Scientists develop new method to detect copy number variants using DNA sequencing technologies

Aug 24, 2009

A research team led by Associate Professor Jonathan Sebat, Ph.D., of Cold Spring Harbor Laboratory (CSHL) has developed a sensitive and accurate way of identifying gene copy number variations (CNVs). The method, which is described in a paper published online ahead of print in Genome Research, uses new DNA sequencing technologies to look for regions of the genome that vary in copy number between individuals in the population. Capable of detecting a wide range of different classes of CNVs, large and small, this method allows researchers to extract more genetic information from the complete genome sequence of an individual.

CNVs are regions of the genome that vary in the number of copies between individuals. These variants were once considered to be anomalies that occurred rarely among healthy individuals. As the result of a discovery by CSHL Professor Michael Wigler and Dr. Sebat in 2004, CNVs are now recognized as a major source of human genetic variation and methods for detecting CNVs have proven to be an effective approach for identifying genetic risk factors for disease.

Genome sequencing technologies are improving at a rapid pace. The current challenge is to find ways to extract all of the genetic information from the data. One of the biggest challenges has been the detection of CNVs. Sebat, in collaboration with Seungtai Yoon of CSHL and Kenny Ye, Ph.D., at the Albert Einstein College of Medicine, developed a to estimate DNA copy number of a genomic region based on the number of sequences that map to that location (or "read depth"). When the genomes of multiple individuals are compared, regions that differ in copy number between individuals can be identified.

The new method allows the detection of small structural variants that could not be detected using earlier microarray-based methods. This is significant because most of the CNVs the genome are less than 5000 nucleotides in length. The new method is also able to detect certain classes of CNVs that other sequencing-based approaches struggle with, particularly those located in complex genomic regions where rearrangements occur frequently.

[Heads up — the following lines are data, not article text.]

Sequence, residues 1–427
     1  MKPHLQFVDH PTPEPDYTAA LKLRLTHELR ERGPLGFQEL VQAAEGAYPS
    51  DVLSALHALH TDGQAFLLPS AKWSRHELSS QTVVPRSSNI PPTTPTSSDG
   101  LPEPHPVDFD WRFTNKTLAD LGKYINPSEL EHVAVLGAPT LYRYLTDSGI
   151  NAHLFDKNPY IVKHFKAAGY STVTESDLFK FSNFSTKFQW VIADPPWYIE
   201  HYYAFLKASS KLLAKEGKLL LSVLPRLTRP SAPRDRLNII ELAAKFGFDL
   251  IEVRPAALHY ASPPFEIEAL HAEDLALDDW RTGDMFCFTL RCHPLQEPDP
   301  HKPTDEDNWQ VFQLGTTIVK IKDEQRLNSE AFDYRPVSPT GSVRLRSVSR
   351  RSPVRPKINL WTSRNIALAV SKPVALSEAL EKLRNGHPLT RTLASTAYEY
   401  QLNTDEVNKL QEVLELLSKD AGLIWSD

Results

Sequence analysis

The development of this novel method is timely. The 1000 Genomes Project was launched in 2008, as an international effort to sequence the genomes of 2000 individuals across geographic and ethnic regions to catalog human genetic variation. Sebat's team along with many other groups has contributed to the production and analysis of these data.

This innovation improves the detection of structural variants from whole genome sequence data, which will lead to improved sensitivity to detect disease-causing CNVs.

More information: "Sensitive and accurate detection of copy number variants using read depth of coverage" can be found online at http://.cshlp.org/content/early/2009/08/05/gr.092981.109.long

Source: Cold Spring Harbor Laboratory (news : web)

Explore further: New guide to the genetic jungle of muscles can help health research

add to favorites email to friend print save as pdf

Related Stories

Mutant sperm guide clinicians to new diseases

Dec 02, 2007

Research published today in Nature Genetics shows that some rearrangements of the human genome occur more frequently than previously thought. The work is likely to lead to new identification of genes involved in disease and to ...

15 human genomes each week

Jul 02, 2008

The Wellcome Trust Sanger Institute has sequenced the equivalent of 300 human genomes in just over six months. The Institute has just reached the staggering total of 1,000,000,000,000 letters of genetic code that will be ...

DNA chunks, chimps and humans

Nov 06, 2008

Researchers have carried out the largest study of differences between human and chimpanzee genomes, identifying regions that have been duplicated or lost during evolution of the two lineages. The study, published in Genome Re ...

We're more different than we thought, says gene study

Nov 22, 2006

New research shows that at least 10 percent of genes in the human population can vary in the number of copies of DNA sequences they contain--a finding that alters current thinking that the DNA of any two humans ...

Recommended for you

User comments : 0

Please sign in to add a comment. Registration is free, and takes less than a minute. Read more

Click here to reset your password.
Sign in to get notified via email when new comments are made.